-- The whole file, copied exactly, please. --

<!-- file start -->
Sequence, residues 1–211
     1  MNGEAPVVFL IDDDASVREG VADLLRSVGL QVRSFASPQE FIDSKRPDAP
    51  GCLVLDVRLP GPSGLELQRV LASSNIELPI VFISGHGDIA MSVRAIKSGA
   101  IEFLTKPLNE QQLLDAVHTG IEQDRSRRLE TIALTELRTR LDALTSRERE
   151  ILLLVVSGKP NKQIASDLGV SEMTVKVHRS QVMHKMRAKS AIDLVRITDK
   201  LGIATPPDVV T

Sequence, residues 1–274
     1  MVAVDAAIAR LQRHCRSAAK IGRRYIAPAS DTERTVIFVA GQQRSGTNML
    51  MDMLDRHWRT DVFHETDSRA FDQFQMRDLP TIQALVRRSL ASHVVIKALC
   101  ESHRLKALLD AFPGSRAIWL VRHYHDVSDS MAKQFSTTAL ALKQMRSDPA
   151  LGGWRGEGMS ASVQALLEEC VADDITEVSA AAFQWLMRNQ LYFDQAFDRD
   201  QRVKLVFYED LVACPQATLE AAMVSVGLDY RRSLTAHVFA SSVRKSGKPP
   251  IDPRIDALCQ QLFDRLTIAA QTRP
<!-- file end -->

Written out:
Sequence, residues 1–211
     1  MNGEAPVVFL IDDDASVREG VADLLRSVGL QVRSFASPQE FIDSKRPDAP
    51  GCLVLDVRLP GPSGLELQRV LASSNIELPI VFISGHGDIA MSVRAIKSGA
   101  IEFLTKPLNE QQLLDAVHTG IEQDRSRRLE TIALTELRTR LDALTSRERE
   151  ILLLVVSGKP NKQIASDLGV SEMTVKVHRS QVMHKMRAKS AIDLVRITDK
   201  LGIATPPDVV T

Sequence, residues 1–274
     1  MVAVDAAIAR LQRHCRSAAK IGRRYIAPAS DTERTVIFVA GQQRSGTNML
    51  MDMLDRHWRT DVFHETDSRA FDQFQMRDLP TIQALVRRSL ASHVVIKALC
   101  ESHRLKALLD AFPGSRAIWL VRHYHDVSDS MAKQFSTTAL ALKQMRSDPA
   151  LGGWRGEGMS ASVQALLEEC VADDITEVSA AAFQWLMRNQ LYFDQAFDRD
   201  QRVKLVFYED LVACPQATLE AAMVSVGLDY RRSLTAHVFA SSVRKSGKPP
   251  IDPRIDALCQ QLFDRLTIAA QTRP